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Collection Level Description: Correspondence and papers of Sir Alister Clavering Hardy

Reference: MSS. Eng. misc. a. 33(R), b. 445-451, c. 1046-1108, d. 1460-1466, e. 1638-1645, f. 866-868, g. 358-361, MS. Film 1823-1824
Title: Correspondence and papers of Sir Alister Clavering Hardy
Dates of Creation: 1901-1985
Extent: 95 boxes
Language of Material: English

Administrative/Biographical History

Alister Clavering Hardy was born in Nottingham in 1896. He attended Oundle School and entered Exeter College, Oxford, in 1914. On the outbreak of war he volunteered for the army, where he served in the northern cyclist battalion, and as a camouflage officer. He returned to Oxford in 1919 to study zoology. In 1920 he was awarded the Christopher Welch Scholarship, and he spent six months in Naples as Oxford biological scholar at Stazione Zooligica. He graduated with distinction in 1921.

In 1921 Hardy was appointed Assistant Naturalist at the Ministry of Agriculture and Fisheries in Lowestoft. In 1924 he became Chief Zoologist to the Colonial Office Discovery expedition, to study the biology of the Antarctic whales. He returned to England in 1927.

In 1928 Hardy was appointed Professor of Zoology in the newly-founded University College of Hull. This position was changed to Professor of Zoology and Oceanography in 1931. He resigned from this post in 1942 to take up the Regius Chair in Natural History at Aberdeen University. In 1946 he became Linacre Professor of Zoology at Oxford University. He was elected Fellow of the Royal Society in 1940, and knighted in 1957. In 1961 he became Professor of Zoological Field Studies at Oxford, retiring in 1963.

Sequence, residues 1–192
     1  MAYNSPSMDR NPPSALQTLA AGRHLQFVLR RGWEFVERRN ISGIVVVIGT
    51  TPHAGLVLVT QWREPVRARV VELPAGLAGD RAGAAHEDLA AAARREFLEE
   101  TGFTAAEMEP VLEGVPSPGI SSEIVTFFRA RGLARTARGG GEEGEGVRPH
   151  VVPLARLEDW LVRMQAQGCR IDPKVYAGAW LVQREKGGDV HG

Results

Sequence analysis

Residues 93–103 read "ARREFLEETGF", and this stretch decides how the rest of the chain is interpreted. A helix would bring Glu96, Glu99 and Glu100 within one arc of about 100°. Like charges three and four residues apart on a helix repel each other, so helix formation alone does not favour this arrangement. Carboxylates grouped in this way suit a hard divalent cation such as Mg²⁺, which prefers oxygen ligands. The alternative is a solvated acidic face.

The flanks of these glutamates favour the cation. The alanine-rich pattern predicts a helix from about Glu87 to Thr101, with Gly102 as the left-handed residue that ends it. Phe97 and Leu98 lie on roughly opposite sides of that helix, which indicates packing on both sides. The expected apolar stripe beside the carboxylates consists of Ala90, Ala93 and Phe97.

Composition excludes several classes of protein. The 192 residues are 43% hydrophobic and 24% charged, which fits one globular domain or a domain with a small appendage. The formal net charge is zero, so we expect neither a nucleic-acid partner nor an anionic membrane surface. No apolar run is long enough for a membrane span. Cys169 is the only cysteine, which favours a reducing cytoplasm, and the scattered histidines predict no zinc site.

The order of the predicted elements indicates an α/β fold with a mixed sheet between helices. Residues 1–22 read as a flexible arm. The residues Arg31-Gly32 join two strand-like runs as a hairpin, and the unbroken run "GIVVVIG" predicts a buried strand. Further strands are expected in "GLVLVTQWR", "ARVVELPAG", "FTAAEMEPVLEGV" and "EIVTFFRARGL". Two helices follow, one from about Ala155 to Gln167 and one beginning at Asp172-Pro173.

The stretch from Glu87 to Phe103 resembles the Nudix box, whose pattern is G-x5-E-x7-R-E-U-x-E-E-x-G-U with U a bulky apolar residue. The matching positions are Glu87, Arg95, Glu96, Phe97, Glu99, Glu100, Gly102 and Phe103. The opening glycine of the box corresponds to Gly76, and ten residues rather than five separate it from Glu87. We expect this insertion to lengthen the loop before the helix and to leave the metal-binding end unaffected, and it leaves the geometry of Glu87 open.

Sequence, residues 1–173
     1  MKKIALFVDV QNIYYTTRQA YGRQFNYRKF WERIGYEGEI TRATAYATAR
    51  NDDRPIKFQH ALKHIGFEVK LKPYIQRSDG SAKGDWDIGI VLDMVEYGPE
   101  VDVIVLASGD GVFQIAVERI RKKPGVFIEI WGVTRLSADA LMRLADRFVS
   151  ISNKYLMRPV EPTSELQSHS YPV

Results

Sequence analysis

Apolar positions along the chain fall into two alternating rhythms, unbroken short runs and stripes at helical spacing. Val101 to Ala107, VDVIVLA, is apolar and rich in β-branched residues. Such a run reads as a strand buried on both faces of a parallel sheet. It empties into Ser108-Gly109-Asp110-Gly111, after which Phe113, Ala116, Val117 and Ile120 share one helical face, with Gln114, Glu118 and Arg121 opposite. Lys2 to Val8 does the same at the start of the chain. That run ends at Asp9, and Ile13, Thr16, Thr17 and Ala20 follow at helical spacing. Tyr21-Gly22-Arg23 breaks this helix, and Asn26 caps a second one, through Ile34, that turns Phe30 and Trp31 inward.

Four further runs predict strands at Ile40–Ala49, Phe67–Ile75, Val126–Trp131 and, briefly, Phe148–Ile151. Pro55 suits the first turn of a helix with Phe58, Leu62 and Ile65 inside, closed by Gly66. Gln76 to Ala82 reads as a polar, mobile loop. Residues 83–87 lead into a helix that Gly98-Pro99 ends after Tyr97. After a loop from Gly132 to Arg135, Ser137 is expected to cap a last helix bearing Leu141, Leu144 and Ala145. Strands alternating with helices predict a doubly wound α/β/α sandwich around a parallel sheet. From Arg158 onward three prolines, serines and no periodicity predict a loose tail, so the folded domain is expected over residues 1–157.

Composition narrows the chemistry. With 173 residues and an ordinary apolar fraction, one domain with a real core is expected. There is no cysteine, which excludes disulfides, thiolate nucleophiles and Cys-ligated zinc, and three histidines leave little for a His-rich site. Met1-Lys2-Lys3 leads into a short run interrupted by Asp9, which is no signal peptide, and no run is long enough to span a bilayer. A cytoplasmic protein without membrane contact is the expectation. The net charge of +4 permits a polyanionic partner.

With the Gifford Lectures given at Aberdeen 1963-1964 and 1964-1965 and their publication as The Living Stream and The Divine Flame in 1965 and 1966, Hardy's career moved more strongly towards the study of evolutionary theory, natural theology and the biological basis of religious behaviour. In 1968 he set up the Religious Experience Research Unit at Manchester College, Oxford, to assemble and analyse religious experiences, and most of his later writings were about the work of the Unit and his own beliefs. This aspect of his life work was crowned by the award of the Templeton Prize for 1985, which enabled the work to continue under a fitting change of name as the Alister Hardy Research Centre. Hardy himself, then 89, lived to make preparations and compose his address for the award ceremony, but was not well enough to be present and died a week later, in May 1985.

Scope and Content

Biographical and autobiographical:

Zoology and marine biology:

Religion and the paranormal:

Patents, inventions, and ideas

Other interests:

Non-print material:

Immediate Source of Acquisition

The material was received at various dates July 1986 - February 1988 from Mr. Michael Hardy and Mrs. Belinda Farley (son and daughter).

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Access Points




Hardy | Alister Clavering | 1896-1985 | scientist and theologian

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